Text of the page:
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Pro-Russia hackers target critical infrastructure in North America and Europe | #hacking | #cybersecurity | #infosec | #comptia | #pentest | #hacker


Pro-Russia hackers target critical infrastructure in North America and Europe

Pierluigi Paganini
May 02, 2024

Government agencies from the US, Canada and the UK warn of Russian threat actors targeting critical infrastructure in North America and Europe

The Cybersecurity and Infrastructure Security Agency (CISA), Federal Bureau of Investigation (FBI), National Security Agency (NSA), Environmental Protection Agency (EPA), Department of Energy (DOE), United States Department of Agriculture (USDA), Food and Drug Administration (FDA), Multi-State Information Sharing and Analysis Center (MS-ISAC), Canadian Centre for Cyber Security (CCCS), and United Kingdom’s National Cyber Security Centre (NCSC-UK) published a joint advisory to warn of pro-Russia hacktivist groups targeting critical infrastructure organizations in North America and Europe.

The attacks focus on industrial control systems (ICS) and other operational technology (OT) systems in the target infrastructure.

Pro-Russia hacktivists have been targeting and compromising small-scale Operational Technology (OT) systems in North American and European Water and Wastewater Systems (WWS), Dams, Energy, and Food and Agriculture Sectors. They aim to exploit modular, internet-exposed Industrial Control Systems (ICS), targeting software components like human machine interfaces (HMIs). The threat actors were observed using methods such as exploiting virtual network computing (VNC) remote access software and default passwords.

The malicious activity began in 2022 and is still ongoing. The government agencies urge OT operators in critical infrastructure sectors to implement a set of mitigations provided in the advisory.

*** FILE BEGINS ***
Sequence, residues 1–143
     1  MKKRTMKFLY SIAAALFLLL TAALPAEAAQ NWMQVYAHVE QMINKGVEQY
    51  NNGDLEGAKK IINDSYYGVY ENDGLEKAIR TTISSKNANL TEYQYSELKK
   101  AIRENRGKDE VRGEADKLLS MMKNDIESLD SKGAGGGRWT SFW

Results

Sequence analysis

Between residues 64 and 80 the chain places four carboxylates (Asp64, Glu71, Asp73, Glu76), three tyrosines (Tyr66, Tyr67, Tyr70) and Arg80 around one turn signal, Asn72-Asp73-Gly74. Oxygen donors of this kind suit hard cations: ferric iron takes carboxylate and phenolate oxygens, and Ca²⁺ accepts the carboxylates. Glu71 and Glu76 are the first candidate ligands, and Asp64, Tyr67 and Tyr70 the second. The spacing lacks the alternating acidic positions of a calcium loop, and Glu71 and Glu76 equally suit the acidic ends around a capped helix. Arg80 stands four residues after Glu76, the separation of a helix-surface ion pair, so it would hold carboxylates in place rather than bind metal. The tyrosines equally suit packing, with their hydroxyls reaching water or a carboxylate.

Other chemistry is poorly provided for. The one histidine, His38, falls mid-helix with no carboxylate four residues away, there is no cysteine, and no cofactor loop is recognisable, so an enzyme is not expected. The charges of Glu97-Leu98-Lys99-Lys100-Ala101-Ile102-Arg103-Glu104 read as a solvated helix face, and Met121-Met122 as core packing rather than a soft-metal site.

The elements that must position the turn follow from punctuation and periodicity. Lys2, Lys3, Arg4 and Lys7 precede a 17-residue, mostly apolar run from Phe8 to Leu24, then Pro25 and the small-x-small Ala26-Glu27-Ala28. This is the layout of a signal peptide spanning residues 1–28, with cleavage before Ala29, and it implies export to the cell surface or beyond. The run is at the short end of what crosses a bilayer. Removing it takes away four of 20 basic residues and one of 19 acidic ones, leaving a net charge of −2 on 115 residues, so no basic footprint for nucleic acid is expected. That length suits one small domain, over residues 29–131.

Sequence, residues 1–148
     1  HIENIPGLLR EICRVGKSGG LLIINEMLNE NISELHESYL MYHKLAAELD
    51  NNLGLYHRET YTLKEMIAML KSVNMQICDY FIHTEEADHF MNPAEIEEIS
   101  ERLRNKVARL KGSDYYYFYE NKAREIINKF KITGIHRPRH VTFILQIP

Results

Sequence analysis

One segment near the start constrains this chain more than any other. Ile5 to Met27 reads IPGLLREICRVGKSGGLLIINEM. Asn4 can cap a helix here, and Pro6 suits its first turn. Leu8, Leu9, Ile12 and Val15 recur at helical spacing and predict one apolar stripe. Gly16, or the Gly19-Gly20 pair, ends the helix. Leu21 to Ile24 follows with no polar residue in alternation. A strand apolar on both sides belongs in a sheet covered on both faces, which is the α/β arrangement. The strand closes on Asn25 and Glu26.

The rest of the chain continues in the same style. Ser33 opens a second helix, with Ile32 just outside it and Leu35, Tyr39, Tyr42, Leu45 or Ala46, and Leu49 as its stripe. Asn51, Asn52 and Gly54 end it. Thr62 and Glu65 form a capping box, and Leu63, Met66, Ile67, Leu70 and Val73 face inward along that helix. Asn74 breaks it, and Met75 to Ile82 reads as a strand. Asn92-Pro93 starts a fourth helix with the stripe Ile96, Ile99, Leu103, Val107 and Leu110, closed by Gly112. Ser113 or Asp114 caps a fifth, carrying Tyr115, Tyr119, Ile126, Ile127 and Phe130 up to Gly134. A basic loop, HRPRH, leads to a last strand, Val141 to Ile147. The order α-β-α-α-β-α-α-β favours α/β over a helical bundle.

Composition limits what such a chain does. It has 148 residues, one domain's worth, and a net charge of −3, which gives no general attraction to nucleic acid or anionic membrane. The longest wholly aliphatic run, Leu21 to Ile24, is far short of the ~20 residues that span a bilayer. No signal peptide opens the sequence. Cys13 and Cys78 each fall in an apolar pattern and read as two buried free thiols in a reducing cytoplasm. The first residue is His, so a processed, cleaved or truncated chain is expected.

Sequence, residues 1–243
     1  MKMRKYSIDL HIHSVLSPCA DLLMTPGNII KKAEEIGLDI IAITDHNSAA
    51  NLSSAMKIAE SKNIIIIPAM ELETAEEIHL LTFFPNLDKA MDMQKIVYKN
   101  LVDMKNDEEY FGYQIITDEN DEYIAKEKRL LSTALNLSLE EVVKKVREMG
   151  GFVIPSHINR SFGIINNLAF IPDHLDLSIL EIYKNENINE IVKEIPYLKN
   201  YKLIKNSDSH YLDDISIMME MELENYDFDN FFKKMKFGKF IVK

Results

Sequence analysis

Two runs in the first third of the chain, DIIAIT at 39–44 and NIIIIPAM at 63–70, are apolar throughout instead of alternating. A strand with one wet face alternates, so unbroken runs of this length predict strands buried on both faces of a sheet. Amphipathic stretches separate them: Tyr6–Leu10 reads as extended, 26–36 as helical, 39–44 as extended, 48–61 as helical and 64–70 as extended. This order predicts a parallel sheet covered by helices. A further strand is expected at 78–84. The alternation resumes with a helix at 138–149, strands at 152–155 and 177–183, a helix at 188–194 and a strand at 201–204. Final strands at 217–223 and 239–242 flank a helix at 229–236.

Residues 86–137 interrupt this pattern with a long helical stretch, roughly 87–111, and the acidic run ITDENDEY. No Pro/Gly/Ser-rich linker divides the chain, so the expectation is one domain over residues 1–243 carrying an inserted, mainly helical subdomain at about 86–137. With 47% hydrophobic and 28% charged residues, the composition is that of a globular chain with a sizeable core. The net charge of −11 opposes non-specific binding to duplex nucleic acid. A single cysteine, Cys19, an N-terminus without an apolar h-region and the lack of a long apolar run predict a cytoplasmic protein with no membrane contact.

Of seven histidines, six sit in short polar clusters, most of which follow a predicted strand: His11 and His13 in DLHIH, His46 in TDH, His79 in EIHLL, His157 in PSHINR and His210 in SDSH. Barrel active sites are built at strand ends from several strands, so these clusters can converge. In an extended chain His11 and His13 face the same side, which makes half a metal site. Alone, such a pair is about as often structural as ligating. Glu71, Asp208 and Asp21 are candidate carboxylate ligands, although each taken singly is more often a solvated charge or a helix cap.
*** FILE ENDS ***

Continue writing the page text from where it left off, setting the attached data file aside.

“Pro-Russia hacktivist activity against these sectors appears mostly limited to unsophisticated techniques that manipulate ICS equipment to create nuisance effects. However, investigations have identified that these actors are capable of techniques that pose physical threats against insecure and misconfigured OT environments.” reads the joint advisory. “Pro-Russia hacktivists have been observed gaining remote access via a combination of exploiting publicly exposed internet-facing connections and outdated VNC software, as well as using the HMIs’ factory default passwords and weak passwords without multifactor authentication.”

The pro-Russia hacktivists tend to over exaggerate their the effects of the attacks. Since 2022, they have claimed on social platforms to have carried out disruptive cyber operations, including distributed denial of service and data wiping against numerous North American and international entities. However, reports from victims downplayed the effects of the attacks.

In early 2024, several U.S.-based water and wastewater systems (WWS) victims faced limited physical disruptions after attackers hacked into their Human Machine Interfaces (HMIs). The hacktivists altered settings, exceeded normal operating parameters of water pumps and blower equipment, disabled alarm mechanisms, and changed administrative passwords to lock out operators.

“In each case, the hacktivists maxed out set points, altered other settings, turned off alarm mechanisms, and changed administrative passwords to lock out the WWS operators. Some victims experienced minor tank overflow events; however, most victims reverted to manual controls in the immediate aftermath and quickly restored operations.” concludes the advisory.

Pierluigi Paganini

Follow me on Twitter: @securityaffairs and Facebook and Mastodon

(SecurityAffairs – hacking, critical infrastructure)



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